In this work, the well known databases PETS 2006 [16], PETS 2009 [17], CAVIAR [18], SAIVT-SoftBio [19] and CAVIAR4REID [20] have been used. These databases are recognized as standard in the intelligent video surveillance research. These databases were obtained in public spaces: a mall, a train station, a park, etc. That is, both indoor and outdoor environments are considered. The PETS 2006 database has been designed for activity recognition and surveillance of public spaces at Victoria station in London. The sequences used from this database were as follows: S2-T3-C and S4-T5-A-C (for both, camera 1, camera 3, and camera 4). S2-T3-C and S4-T5-A-C are the names given to these sequences by the authors of PETS 2006. The PETS 2009 database comprises multi-sensor sequences containing crowd scenarios with increasing scene complexity in outdoor environment. Here, the following sequences were selected: S2-L1-Timen (camera 1, camera 5, camera 7, and camera 8). S2-L1-Time12-34 is the name given to this sequence by the authors of PETS 2009. The CAVIAR database consists of images showing a corridor at a shopping mall in Portugal. For the experiments, the OneStopMoveEnter1cor and EnterExitCrossingPaths1cor sequences were used in this work. OneStopMoveEnter1cor and EnterExitCrossingPaths1cor are the names given to these sequences by the authors of CAVIAR. The SAIVT-SoftBio database consists of several sequences of subjects walking in a building environment along eight cameras from various angles and different illumination conditions. The CAVIAR4REID is a database to evaluate person re-identification algorithms. CAVIAR4REID has been extracted from CAVIAR, one of the most famous database for person tracking and detection. For the generation of CAVIAR4REID, a total of 72 individuals were manually extracted, for this work all individuals were considered. Figure 1 shows some sample images from each standard database. As a general disadvantage from these standard databases, in the mono-camera scenario specially, only a few suspects have been selected, this is because cameras are overlapping and there are not many different suspects to select.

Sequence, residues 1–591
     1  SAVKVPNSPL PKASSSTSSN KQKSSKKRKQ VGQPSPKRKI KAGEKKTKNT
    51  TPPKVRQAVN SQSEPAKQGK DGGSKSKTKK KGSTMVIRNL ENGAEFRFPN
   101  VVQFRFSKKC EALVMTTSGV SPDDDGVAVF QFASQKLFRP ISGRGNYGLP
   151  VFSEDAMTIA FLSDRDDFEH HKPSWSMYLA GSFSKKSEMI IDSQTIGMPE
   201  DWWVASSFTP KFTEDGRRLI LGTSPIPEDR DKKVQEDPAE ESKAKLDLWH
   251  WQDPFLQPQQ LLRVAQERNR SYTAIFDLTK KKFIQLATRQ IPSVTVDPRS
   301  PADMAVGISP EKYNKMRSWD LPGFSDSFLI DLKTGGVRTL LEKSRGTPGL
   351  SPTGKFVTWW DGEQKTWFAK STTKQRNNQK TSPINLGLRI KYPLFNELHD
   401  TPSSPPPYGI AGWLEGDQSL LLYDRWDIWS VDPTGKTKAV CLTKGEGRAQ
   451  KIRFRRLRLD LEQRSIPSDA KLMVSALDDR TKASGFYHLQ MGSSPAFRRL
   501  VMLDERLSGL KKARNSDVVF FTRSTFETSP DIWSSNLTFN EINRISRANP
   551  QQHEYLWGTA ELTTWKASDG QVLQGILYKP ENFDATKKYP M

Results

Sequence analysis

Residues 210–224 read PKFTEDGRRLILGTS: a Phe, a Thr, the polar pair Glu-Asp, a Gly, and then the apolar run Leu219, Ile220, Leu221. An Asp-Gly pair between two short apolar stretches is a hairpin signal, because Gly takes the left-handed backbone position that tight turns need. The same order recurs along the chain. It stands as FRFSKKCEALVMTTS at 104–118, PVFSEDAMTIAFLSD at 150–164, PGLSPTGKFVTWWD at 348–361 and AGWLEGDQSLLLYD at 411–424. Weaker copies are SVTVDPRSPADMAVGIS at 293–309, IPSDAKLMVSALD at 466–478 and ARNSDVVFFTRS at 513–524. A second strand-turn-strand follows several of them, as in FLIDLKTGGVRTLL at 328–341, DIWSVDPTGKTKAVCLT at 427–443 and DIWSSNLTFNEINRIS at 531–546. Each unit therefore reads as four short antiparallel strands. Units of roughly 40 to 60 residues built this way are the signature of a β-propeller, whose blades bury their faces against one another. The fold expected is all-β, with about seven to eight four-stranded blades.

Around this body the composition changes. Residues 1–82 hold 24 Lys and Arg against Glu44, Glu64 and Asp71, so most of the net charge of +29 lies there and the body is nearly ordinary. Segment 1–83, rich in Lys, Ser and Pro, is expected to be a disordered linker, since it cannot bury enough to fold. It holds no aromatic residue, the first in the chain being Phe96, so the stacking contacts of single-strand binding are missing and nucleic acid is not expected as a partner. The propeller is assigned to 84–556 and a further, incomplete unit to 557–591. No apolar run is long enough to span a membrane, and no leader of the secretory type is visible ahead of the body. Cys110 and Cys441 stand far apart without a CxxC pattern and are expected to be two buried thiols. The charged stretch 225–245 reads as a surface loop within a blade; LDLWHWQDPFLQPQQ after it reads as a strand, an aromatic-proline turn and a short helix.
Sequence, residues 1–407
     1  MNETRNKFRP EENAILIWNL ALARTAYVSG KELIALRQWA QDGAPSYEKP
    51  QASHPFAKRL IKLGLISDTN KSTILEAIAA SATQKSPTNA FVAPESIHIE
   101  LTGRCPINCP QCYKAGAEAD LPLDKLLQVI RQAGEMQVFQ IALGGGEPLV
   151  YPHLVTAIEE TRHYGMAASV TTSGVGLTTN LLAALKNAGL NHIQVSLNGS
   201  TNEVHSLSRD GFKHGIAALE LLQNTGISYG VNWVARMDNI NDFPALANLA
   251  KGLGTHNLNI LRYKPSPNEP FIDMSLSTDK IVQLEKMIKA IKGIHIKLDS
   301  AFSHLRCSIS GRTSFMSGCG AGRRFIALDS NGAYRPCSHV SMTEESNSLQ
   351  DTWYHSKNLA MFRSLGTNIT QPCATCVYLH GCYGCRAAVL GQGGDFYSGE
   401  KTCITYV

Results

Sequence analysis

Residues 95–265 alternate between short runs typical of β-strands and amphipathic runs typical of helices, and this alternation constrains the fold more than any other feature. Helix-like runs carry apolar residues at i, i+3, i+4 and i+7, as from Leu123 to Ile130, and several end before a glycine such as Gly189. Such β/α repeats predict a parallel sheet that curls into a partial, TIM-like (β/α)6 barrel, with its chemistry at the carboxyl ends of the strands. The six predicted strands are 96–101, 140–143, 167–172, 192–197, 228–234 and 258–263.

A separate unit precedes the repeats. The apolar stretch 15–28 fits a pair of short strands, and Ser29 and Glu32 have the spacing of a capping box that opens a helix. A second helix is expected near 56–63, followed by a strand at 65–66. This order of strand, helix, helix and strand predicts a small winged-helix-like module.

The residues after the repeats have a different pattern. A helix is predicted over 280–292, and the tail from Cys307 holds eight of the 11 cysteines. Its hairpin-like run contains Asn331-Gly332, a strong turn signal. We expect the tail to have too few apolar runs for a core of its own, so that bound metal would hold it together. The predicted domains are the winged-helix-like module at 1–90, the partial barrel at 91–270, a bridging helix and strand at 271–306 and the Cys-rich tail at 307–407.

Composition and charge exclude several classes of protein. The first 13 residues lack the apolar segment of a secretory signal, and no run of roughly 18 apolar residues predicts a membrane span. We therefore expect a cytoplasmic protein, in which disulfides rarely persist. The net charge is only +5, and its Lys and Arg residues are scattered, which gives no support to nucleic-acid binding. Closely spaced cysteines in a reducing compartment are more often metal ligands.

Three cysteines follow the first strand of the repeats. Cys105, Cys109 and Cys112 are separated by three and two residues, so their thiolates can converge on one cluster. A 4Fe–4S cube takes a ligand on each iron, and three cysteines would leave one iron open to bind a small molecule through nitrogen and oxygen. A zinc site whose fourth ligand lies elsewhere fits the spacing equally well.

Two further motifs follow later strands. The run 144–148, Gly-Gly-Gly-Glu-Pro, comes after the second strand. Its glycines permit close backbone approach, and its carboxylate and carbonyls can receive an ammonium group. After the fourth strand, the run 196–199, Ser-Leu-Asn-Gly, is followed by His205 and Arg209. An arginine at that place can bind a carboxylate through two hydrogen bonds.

3.2 Multi-camera Barajas Airport (MUBA) database